Looking back into history

Tuesday, May 17, 2016
The Little Camas Canal, located off Highway 20 northeast of Mountain, was constructed in the late 1890s to provide irrigation water for a wide swath of land from the Boise Valley to the Gooding area.

by Tim Bondy

Mountain Home News

Most residents living in the Mountain Home area have likely seen the little sliver of water running along parts of Highway 20 between Windy Gap and Anderson Dam Road. That 15 to 20 foot wide body of water is called the Little Camas Canal.

The canal got its name from the body of water that feeds it -- Little Camas Reservoir northeast of Mountain Home. The recent five-year drought took its toll on the amount of water the reservoir has collected in it.

However, this year's heavier winter snowfall and rainy spring have rejuvenated both the pool of water in the reservoir and the amount of water flowing into the canal.

There is quite a history behind this canal system that flows out of the north face of the Little Camas Dam as it winds its way westward into a lesser known body of water called Long Tom Reservoir.

Both Little Camas and Long Tom Reservoirs, as well as the canal that connects the two bodies of water together, were constructed in the late 1800s as part of an original plan to irrigate up to 45,000 of agricultural land from the Boise Valley and eastward toward Gooding.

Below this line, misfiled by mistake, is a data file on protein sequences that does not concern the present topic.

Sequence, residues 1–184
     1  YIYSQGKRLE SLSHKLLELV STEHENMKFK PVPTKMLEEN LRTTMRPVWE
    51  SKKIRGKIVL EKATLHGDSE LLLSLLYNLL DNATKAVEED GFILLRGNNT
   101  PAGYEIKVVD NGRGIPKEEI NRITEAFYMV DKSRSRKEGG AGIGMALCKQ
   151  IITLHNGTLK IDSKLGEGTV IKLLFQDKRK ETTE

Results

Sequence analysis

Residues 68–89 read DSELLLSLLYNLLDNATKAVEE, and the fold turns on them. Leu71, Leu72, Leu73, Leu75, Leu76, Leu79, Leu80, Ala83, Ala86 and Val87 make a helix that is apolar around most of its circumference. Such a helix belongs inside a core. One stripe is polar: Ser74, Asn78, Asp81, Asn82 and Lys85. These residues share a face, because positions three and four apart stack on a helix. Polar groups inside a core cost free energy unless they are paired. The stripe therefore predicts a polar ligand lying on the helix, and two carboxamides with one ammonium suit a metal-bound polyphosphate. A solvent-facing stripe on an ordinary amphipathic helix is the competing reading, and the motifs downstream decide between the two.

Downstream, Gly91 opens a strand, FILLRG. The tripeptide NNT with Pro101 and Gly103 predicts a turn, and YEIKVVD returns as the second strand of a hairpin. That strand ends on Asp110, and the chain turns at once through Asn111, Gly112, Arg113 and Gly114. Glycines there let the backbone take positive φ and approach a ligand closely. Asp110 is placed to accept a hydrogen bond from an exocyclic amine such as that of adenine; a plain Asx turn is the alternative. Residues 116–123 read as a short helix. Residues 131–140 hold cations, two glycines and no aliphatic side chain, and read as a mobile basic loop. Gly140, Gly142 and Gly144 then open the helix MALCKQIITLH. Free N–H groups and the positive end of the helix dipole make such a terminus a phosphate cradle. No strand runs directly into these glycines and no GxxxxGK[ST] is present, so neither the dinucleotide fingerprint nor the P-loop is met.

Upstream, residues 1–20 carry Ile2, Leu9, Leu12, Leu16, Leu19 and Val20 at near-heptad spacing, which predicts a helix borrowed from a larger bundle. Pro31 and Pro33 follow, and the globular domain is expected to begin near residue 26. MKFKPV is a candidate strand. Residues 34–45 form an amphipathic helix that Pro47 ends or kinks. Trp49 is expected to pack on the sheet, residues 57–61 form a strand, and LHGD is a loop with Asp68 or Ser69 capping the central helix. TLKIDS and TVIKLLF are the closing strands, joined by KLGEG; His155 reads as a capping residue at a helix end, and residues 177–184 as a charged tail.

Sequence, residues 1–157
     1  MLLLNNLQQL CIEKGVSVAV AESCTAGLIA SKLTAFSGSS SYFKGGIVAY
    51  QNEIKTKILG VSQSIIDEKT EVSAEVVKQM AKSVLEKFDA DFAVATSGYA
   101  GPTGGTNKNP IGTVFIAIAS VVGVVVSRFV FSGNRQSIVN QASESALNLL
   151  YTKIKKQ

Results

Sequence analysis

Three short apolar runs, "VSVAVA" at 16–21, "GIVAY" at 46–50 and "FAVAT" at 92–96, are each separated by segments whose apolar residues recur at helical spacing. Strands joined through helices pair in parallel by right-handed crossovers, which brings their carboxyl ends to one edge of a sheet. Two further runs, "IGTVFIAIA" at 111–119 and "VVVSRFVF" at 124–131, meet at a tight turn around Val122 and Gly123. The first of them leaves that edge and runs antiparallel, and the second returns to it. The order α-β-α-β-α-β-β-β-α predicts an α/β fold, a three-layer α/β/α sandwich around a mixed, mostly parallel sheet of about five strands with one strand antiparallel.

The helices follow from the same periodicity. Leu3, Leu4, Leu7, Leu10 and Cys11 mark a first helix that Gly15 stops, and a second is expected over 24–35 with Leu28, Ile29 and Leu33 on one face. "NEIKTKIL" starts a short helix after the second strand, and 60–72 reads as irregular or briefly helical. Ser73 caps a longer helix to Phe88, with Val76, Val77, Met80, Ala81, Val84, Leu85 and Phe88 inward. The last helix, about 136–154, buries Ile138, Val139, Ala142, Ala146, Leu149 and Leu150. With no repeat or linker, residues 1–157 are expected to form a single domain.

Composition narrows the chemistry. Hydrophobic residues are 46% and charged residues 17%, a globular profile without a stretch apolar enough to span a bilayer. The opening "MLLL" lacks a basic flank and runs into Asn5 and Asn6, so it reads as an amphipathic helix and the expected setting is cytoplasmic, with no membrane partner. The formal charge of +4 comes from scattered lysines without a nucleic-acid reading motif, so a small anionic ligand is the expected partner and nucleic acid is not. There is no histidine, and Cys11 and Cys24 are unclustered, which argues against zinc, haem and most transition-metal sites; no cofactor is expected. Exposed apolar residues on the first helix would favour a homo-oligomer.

Today, the water in the reservoirs and canal system irrigate about 4,300 acres and 142 users.

According to long-time resident Calvin Ireland, all the canal work was completed by hand and by using work horses, probably around the early 1890s. While the canal suffered some blowouts and major leaks over time, the basic path of the current canal remains true to it historic path.

The canal, over most of its history, has been maintained by a local irrigation districts based out of the Mountain Home area. While Ireland wasn't completely sure about his facts, he thought there was only five or six different water masters managing the water, the canals and the district itself since the early 1900s.

"You can look through our archives to research the history of the canals and management of the district but it might take some time," Ireland said as he opened drawer after drawer of old yellowed documents.

A dusty two-track road follows along side most of the length of the canal, according to the Mountain Home Irrigation District's current watermaster Terry Seegrist. The road is used by district employees called ditch-riders. One of the many tasks assigned to a ditch-rider is to detect leaks, obstructions or damage to irrigation canals.

The few spots where the two-track road doesn't follow the canal is where the aqueduct flows into one of the four or five tunnels along its path. The shortest tunnel is about 50 feet, and the longest stretches more than 1,700 feet in length.

"Some of those tunnels were cut into the mountain by miners who travelled south from the northern Idaho gold mines when those miners went on strike in the late 1800s," said Mike Landers, a Mountain Home Irrigation District commissioner.

Ireland added that digging the tunnels was likely backbreaking work as all of the tunnels are less than six feet in height and some might be less than five feet high.

Once the canal water reaches Long Tom Reservoir, it's released when the need arises and then flows southward into the Mountain Home Reservoir just north of town.

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